Yet another Fleet Engagement, this time between the Directorate (as invaders) and the Mauridians on defense. In this edition, we discuss planning, and what happens when your plan goes awry.
As usual, I’ve assigned fictional admirals to this solo playtest. In the tan corner for the Directorate is Dan, and Maurice is in the green corner.
Dan knows that the Mauridians out-fighter him, as they’ve got the best destroyer-weight carriers in the playtest in their two Ven’Taras. But every Directorate ship has got missiles, and Spreckels carries a full cruiser-load of fighters, which should be enough to fly defense.
So Dan plans to emulate Terry’s successful anti-ordinance tactics, and bring his superior number of lasers to bear.
Being a fictional construct in the same brain that houses Dan means that Maurice knows the fleet’s strengths as well as Dan. Maurice also saw what happened to Kate, and (while the Gal’Efors is a better laser cruiser than the Reträtt) wants to maximize his advantages.
The Mauridians are unlike the Kharadorn, in that they’re not big fans of spinal mounts and have armed the Ba’Negvas with mines. Maurice intends to launch the mine fields at the Directorate, and have his fighters follow them in, so as to neutralize the Directorate’s missiles.
He then intends to open the range and repeat, using Gal’Efors to counter-punch if any Directorate ships get too close.
The caption pretty much says it all. Here are some close-ups so you can get a better idea of the ordinance launched:
Here you can see the fighters launched from Spreckels, placed behind the ships they’re covering. If you look closely, you can see missiles on the ship’s bases, heading outbound.
This is the same sort of view from the Mauridians. You can see the fighters as strike groups around the Mauridian heavies, along with the mines from the escorts. The counters with the rockets on them in front are indicating where the mines are going to drift next turn.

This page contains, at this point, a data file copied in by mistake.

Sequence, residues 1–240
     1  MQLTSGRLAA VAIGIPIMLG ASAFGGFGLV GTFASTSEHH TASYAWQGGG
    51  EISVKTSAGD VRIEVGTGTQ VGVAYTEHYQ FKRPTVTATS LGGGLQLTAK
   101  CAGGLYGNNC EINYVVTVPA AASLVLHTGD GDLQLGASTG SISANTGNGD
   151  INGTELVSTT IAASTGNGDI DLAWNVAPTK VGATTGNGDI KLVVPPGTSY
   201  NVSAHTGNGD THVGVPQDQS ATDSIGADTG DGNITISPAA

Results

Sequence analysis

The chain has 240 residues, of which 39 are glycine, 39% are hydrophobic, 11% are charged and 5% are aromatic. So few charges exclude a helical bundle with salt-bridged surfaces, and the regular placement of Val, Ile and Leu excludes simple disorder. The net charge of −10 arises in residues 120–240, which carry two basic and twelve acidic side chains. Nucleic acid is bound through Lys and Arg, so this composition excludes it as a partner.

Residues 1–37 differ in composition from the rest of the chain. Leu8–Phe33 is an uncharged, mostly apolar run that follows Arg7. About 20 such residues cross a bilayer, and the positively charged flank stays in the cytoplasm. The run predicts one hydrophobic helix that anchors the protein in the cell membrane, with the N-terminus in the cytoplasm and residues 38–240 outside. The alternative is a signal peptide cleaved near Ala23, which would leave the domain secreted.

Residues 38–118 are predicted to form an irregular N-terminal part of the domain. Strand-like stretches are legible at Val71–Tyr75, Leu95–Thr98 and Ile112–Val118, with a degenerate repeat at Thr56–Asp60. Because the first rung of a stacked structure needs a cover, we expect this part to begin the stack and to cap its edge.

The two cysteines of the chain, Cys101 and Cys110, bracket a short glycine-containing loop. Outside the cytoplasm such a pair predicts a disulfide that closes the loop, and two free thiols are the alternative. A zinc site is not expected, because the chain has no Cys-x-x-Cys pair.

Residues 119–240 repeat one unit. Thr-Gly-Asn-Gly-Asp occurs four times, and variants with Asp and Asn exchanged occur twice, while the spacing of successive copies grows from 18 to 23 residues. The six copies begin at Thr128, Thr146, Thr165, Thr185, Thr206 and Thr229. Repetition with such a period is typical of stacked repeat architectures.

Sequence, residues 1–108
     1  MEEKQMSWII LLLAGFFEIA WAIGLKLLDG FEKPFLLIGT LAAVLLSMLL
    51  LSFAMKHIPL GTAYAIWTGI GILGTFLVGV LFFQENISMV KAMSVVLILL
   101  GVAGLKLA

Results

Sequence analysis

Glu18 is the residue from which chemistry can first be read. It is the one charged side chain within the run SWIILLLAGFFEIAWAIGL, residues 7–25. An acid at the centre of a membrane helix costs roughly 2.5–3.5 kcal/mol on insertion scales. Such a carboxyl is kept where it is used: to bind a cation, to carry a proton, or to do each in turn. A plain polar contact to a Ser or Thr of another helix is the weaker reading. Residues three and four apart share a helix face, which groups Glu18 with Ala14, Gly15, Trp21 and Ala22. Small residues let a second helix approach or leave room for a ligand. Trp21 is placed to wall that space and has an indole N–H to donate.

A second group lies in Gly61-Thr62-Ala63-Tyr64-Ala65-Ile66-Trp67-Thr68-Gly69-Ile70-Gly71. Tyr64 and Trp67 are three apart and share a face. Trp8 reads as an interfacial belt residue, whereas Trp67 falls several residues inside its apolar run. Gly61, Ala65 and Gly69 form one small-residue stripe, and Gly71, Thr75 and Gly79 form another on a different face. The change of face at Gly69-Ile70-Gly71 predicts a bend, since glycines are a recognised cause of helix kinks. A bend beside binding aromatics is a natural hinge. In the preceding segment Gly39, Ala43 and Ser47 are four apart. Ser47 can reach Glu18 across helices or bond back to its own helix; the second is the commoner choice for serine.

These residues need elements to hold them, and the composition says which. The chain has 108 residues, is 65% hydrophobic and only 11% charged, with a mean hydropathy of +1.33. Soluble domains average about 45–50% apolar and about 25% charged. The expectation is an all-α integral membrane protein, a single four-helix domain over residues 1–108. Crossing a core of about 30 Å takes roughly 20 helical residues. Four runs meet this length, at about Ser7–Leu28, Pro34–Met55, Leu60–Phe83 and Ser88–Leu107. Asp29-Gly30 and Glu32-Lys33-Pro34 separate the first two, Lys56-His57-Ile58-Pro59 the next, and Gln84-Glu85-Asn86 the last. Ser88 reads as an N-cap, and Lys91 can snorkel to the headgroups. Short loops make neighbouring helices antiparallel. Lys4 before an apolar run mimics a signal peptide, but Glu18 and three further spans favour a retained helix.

At this moment, the ordinance in play consists of:
- 4 mine fields,
- 3 missiles,
- 6 strike groups, and
- 3 patrol groups.
If you follow the rules of four-to-seven maneuver groups, this is about as messy as the battlefield gets with ordinance and their associated counters. After the combat phase, we’ll peak at:
- 7 mine fields,
- 6 strike groups,
- 7 missiles, and
- 3 patrol groups.
In case you’re wondering what Maurice is up to here, he’s turning his fleet to get into the planet’s shadow. It looks like they’re flying away, but only because that’s where the ship’s strongest thrusters need to be pointing to make that hard turn.
Gal’Efors and Ven’Tril are actually thrusting hard enough to distort their own shields, which is why those blast markers are in the picture.
Sometimes, a picture doesn’t immediately add to the narrative. But remember this one, because you’ll be comparing it to another one later.
This is the end of the next movement phase, after all that ordinance has unwound. At this moment, the ordinance left on the board is:
- 1 missile,
- 5 mine fields, and
- 2 patrol groups.
Mellon has been disabled, which is why it’s off on its own. But what the heck happened to Dan’s other ships?
I’ve already mentioned that the ships don’t point the direction they’re going. But do you remember how these ships looked in that picture that I told you to remember?
If these ships were still going the direction they were, they’d be closer to Mellon, and they wouldn’t all be pointed in different directions. Dan has over-evaded, and now his ships are really going in four different directions.
And in Jump War, where all movement is inertial, this is a particularly bad thing. Dan needs at least a turn to get back into formation, Maurice is unscathed, and one-quarter of Dan’s laser strength (Mellon) is headed off the board.
Dan decides that there’s no reason for him to risk his fleet further in this campaign turn, and hopes that Erin can rescue his coalition’s position.